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anyone make a wind generator ??

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  • anyone make a wind generator ??

    i have to live with all the wind, i figured it would be nice to put it to work for me. i can run my house off a 5500w generator when power goes out so i figure it would not take much to make a wind powered one to get me off the grid. anyone done anything like this ??? or know any good places for research or info on them ?

  • #2
    "Make" quarterly magazine

    [I replied to your post on the Motosports board, but, I'll add it here, since this is a better place for it.]

    They ran a piece last year on making a wind generator. Not sure of the output. Looks like they sell back issues for $15.


    • #3
      I always think about how to use a car's alternator to do this. The problem is that you'd need a battery just to generate a field current. Depending on the size of the alternator, wind speed, and wind mill blade size- you could realize 500 watts at 120 volts once it is converted. The reason I want to use an altenator is because its already AC current. (No inverter required.. A pricy item especially if you want some serious power.) All you'd need to do is regulate it, step it up and away you go. Now if you can get 10 of those going and synchronize them, you could run a small welder or most of the lighting load in your home..but you need the space.

      Keep in mind that as you draw power from this rig, the magnetic forces inside the alternator will tent to make the windmill want to slow down. Ever notice that when you put a huge load on a gas genny, it will bog and then come back up to speed? I cant remember what this is called but its inherant to any generator that has a load.

      If you could find yourself a series wound dc motor, hook that up to your windmill with some ten foot, well balanced blades you could really make some serious power- depending on how large a dc motor you find.. ANY DC MOTOR CAN BE MADE INTO A GENERATOR. A series motor will however continue to create more and more current until it finally burns up. This is what A.G.Bell put into service to light up the late 19th century - until Tesla showed him up that is. the problem is that you need to convert this power to AC if you want to be able to run it any distance. (voltage drop-line loss)

      Ive got a hybrid solar system running on a cabin up country. We talk a great deal about adding wind to our setup. The problem is that we are surrounded by 50 foot trees so we would have to build a pretty high tower to get up into the prevailing winds. If we did though... Ooooh weeeeeeeeeee! We could have tv, microwave, kettle, PC, etc.. pretty much any 1500watt appliance.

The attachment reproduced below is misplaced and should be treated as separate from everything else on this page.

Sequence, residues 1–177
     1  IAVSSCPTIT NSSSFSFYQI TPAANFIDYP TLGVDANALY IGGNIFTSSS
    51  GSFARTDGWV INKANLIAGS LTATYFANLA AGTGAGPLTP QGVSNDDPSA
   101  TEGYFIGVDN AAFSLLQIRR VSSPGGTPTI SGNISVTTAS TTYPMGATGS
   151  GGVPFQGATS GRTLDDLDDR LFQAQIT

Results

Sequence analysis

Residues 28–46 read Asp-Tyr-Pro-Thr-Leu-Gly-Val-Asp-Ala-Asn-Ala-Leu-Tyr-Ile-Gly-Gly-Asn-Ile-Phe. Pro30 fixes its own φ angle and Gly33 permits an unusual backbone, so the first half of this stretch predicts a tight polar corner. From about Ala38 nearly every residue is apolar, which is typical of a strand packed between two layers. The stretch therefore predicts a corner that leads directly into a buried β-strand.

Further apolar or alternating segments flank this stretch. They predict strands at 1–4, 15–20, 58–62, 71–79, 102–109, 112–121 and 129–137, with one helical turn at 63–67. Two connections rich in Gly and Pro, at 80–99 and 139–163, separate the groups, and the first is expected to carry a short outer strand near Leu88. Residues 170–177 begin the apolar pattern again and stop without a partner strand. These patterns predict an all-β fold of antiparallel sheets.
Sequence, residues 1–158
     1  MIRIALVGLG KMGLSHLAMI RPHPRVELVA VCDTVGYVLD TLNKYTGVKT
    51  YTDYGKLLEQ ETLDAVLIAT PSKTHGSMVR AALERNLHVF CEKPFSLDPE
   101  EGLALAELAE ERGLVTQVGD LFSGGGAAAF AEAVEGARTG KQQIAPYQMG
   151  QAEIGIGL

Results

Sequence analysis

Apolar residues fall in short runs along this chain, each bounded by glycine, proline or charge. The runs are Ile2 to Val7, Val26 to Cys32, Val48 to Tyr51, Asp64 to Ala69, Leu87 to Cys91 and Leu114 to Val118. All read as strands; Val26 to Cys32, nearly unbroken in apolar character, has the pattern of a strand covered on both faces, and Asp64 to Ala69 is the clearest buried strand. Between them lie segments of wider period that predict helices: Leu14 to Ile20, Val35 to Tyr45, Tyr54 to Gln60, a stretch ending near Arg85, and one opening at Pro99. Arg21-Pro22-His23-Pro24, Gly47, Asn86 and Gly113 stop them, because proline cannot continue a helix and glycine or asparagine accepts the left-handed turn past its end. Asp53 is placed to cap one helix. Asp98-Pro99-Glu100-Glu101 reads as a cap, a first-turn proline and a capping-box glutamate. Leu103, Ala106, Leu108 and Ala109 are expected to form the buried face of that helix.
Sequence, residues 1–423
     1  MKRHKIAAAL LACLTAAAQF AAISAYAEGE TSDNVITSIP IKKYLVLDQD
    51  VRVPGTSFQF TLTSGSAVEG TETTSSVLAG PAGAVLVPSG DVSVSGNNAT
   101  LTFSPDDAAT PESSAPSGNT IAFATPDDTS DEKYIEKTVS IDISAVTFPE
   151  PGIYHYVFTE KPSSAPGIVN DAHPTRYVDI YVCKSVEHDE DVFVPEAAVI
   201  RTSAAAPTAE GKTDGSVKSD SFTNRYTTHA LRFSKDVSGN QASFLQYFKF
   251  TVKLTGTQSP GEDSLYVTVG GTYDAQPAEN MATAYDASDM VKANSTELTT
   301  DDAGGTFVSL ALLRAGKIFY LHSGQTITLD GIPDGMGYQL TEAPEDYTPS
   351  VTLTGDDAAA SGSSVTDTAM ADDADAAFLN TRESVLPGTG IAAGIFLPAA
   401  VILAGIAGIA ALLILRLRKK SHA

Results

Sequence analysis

Our system is 12 volts, 200 watts and charges a bank of 6 volt series/parallel lead acid batteries which in turn goes through a 750watt inverter. This will run a small 12inch tv, battery chargers, small electric tools and our lighting load without worry of going flat dead.

      A "hybrid" system is one that has both solar and gas generator on a common circuit. Through the use of a transfer switch, we can use one or the other to charge our batteries or use the gas genny or the inverter to run the lights

      Search out solar power and you will be sure to come across some wind generation ideas.

      I hope this helps you out and these links will give you some more ideas:
      Last edited by SignWave; 12-04-2007, 10:19 PM.


      • #4
        kits & book


        • #5
          nice looking rig, but how long would it take to pay it off?
          thats the real queston behind "getting off the grid"

          My electricity bill avg's a 100/month (give or take depending on time of year and work being done)

          5 years (on the inside) is a long time for 5.5 Kw. the avg electric stove requires 10Kw @ 240VAC.

          None the less this is still a nice looking rig. Most of the parts look easy enough to fab. even that micro porcessor controller isnt too hard to make if you have the right setup


          • #6
   this site is one of many on the net.just search alternate energy,DIY generator,ETC. good luck Don


            • #7
              paying off is the real problem. seems getting off the grid is more expensive then staying on. the thought i had was maybe pick up a surplus generator head and making a wind mill to turn it. then i would have to find a way to hook to the grid switched so i gave back when i had plenty of wind and took when none was to be had.
              the veggie oil version would be cool but thats a lot of oil, i would need to find a source and then the Lil diesel motor is a high $ item.